|Zorn has full set of emotions in first win|
|Written by Admin|
|Monday, 15 September 2008 11:29|
Later in the half, the coach flung his play sheet to the ground when holder Durant Brooks' bobble led to a botched field-goal attempt. Even Steve Spurrier's tantrums were never so passionate.
More displeasure was on display when Jason Campbell missed chances to make some big plays as drives kept dying in the red zone in the first half.
``We left some things on the field that I was hot about, and he knows it because I was jumping up and down,'' Zorn said. ``I was telling him the reason I was jumping up and down - I was trying to get to his eye level so I could actually look him in the eye.''
ay's come-from-behind 29-24 victory over the New Orleans Saints, one that might have seemed a long time in coming after such a disappointing debut a week earlier.
``You kind of wonder, especially with the way the last of the preseason went and the first game, 'Gosh, can we really win?''' Zorn said Monday. ``And we did. We can really do it.''
The win brought immense relief. Another bad outing, especially by the offense, would have further seeded doubts as to whether Zorn's schemes could work. The word ``trust'' came up often in the game's aftermath in describing the formative relationship between the coach and Campbell, and both made it clear they are developing a better sense of give and take.
``We've been talking a lot about trust,'' Zorn said. ``It really has to do the quarterback. You have to be able to trust the guy that's out there that he's going to actually execute - that he can look at the guy, turn him down and go to the next guy, that's really what we were talking about. It's that kind of trust. He's earning it.''
The trust was challenged when all five first-half drives ended in field-goal attempts, leaving the Redskins trailing at halftime in a game they were dominating statistically. Washington's nadir came as the Saints were leading by nine early in the fourth quarter, when Campbell was sacked at his 6 for a 12-yard loss at the start of a drive.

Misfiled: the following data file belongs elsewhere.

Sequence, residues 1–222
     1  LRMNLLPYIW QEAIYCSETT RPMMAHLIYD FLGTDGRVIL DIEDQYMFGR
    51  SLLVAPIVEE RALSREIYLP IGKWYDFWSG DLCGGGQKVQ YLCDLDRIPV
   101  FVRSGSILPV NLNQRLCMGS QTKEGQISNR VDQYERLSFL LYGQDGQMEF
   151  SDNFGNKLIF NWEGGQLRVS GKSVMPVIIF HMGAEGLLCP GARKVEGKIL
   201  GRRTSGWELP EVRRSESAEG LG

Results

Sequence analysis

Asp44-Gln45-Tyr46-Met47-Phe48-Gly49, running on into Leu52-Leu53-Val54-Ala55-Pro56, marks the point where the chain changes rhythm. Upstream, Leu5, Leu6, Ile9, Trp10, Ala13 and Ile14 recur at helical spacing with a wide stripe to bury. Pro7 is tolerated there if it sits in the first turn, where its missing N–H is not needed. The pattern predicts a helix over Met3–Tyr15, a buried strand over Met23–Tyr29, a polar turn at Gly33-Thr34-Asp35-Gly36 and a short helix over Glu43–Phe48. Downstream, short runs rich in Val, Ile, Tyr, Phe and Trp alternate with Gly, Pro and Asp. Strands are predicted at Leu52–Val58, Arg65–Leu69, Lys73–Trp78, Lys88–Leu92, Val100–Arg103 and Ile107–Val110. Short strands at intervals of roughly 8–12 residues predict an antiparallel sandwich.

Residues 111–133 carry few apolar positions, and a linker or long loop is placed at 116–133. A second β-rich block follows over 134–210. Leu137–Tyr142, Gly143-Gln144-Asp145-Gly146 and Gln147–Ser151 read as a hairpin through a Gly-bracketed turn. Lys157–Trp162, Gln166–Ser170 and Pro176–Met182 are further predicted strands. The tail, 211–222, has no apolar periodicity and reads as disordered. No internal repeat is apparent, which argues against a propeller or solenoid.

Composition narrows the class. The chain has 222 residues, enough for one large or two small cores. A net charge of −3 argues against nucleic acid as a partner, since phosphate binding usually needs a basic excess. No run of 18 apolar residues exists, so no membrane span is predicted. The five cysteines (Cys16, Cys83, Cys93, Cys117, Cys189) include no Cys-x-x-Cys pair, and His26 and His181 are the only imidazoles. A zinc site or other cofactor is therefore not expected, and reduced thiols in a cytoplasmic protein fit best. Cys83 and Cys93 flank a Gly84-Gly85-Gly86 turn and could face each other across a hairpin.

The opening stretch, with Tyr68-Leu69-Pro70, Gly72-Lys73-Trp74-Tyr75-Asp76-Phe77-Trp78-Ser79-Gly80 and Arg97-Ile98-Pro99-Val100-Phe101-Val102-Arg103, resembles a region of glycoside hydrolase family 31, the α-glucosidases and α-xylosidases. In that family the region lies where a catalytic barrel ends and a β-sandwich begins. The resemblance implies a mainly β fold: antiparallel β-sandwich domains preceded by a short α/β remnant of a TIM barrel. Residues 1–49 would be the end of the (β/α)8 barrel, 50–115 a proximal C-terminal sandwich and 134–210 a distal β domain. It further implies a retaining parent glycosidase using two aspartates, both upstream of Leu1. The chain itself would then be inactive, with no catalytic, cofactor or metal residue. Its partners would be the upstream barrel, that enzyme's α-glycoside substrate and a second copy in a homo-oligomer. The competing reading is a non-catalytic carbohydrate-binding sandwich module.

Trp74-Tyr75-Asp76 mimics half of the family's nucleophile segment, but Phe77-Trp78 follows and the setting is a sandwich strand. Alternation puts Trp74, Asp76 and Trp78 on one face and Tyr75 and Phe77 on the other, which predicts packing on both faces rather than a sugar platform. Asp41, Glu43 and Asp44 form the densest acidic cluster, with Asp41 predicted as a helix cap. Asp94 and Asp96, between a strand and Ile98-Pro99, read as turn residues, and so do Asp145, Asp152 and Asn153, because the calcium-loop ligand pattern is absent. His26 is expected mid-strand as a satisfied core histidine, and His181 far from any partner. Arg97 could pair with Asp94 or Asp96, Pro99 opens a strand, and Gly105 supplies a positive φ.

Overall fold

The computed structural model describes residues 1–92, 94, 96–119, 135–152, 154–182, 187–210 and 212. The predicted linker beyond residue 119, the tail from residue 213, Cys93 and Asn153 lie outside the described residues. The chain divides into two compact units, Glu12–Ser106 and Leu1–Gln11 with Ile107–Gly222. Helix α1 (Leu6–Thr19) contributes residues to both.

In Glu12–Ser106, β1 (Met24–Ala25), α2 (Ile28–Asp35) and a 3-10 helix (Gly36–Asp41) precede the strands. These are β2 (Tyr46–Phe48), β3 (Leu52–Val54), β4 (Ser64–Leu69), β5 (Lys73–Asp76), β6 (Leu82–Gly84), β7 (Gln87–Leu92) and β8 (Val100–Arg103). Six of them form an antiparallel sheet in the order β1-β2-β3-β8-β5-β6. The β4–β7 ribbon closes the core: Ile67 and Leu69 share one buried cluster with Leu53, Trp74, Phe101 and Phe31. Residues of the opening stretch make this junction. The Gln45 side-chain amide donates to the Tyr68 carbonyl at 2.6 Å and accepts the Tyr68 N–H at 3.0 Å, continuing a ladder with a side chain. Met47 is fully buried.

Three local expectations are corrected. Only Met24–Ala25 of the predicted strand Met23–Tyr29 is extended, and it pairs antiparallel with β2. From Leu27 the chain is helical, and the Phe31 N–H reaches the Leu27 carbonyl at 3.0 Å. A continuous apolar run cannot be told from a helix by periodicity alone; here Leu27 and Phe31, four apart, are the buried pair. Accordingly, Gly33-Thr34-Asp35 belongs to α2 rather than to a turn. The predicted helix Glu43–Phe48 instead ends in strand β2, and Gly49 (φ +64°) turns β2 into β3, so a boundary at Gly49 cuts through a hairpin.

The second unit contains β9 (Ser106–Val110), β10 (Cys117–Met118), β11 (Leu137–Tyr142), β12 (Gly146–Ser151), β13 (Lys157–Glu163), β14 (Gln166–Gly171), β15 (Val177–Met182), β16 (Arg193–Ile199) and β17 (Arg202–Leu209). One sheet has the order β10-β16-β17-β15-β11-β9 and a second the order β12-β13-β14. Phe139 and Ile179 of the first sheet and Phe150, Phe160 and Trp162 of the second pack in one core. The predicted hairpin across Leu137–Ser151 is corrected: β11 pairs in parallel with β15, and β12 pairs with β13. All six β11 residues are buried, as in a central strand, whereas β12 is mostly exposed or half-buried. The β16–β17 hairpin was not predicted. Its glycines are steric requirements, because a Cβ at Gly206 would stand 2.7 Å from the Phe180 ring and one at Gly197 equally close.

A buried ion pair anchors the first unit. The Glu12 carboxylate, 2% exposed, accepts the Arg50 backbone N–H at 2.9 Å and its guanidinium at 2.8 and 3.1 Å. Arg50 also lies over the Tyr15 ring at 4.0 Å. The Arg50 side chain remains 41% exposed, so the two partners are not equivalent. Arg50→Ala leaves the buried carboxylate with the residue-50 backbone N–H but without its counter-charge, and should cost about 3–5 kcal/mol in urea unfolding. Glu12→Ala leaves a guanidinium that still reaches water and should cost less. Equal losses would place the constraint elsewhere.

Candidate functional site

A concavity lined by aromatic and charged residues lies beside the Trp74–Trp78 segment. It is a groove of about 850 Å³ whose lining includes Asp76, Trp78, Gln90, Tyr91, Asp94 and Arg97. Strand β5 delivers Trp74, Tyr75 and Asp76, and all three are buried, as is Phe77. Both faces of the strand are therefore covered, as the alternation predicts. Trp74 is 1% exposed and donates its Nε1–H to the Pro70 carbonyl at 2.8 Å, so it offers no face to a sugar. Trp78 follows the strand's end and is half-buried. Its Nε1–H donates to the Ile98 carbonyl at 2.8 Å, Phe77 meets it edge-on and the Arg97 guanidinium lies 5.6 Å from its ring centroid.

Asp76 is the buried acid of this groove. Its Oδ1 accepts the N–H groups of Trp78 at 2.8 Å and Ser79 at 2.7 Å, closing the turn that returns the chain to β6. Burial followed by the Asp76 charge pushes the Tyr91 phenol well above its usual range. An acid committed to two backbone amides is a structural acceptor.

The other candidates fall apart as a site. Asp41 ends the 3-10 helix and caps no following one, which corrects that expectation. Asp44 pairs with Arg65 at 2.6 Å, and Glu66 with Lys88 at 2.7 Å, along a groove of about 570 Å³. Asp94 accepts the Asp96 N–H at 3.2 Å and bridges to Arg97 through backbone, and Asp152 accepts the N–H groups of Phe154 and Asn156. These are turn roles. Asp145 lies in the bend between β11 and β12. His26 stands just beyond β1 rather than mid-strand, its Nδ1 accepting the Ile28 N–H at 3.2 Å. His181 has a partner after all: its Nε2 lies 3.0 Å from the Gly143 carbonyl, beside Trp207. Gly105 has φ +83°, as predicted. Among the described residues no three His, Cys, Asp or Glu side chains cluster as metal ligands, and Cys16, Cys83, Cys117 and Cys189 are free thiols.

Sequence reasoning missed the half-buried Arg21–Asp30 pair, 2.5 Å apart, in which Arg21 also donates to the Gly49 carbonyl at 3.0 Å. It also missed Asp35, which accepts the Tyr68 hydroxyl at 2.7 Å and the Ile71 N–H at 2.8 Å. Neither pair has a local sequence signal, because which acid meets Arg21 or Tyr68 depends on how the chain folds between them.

g the button-controlled coach-to-quarterback headset, then looked up in horror when the quarterback brought the team to the line of scrimmage.
``I'm saying, 'What are we doing?''' Zorn said. ``I'm saying, 'This is not it!' 'What did he call?' I'm mashing the button, going 'What did you call?' but they cut you off after 15 seconds.''
Campbell thought he had the wrong personnel for Zorn's play, so he called something else. He hit tight end Chris Cooley for a 23-yard completion over the middle, igniting a touchdown drive on which he went 5-for-5 for 82 yards.
``I think that was the biggest play in the game,'' Campbell said.
Added Zorn: ``That was all Jason Campbell. I had nothing to do with that play.''
Campbell, of course, also drew raves from Zorn for the 67-yard go-ahead touchdown pass to Santana Moss on the next possession. Campbell audibled the pass protection at the line of scrimmage, noticed there was no safety playing deep, stepped up to avoid the rush and hit Moss in stride.
Then came the audacious play that cemented the win, when Zorn trusted Campbell to complete a fourth-and-2 pass inside the 2-minute mark when just about any other coach would have run or punted. Campbell's final numbers: 24-for-36 for 321 yards, with many of those completions to the second or third options - as opposed to the locked-in-on-one receiver mode Zorn didn't like against the Giants.
ked his improvement,'' Zorn said. ``Now we want to put these things back to back. I want to see even better play in the weeks to come.''
Zorn said he celebrated his first win for ``a few hours.'' Among the calls he received was one from fellow first-time head coach John Harbaugh of the Baltimore Ravens.
``He said, 'Hey, I know how you feel today,' because he won last week big for his first NFL win,'' Zorn said. ``There was a special feeling about getting a win.''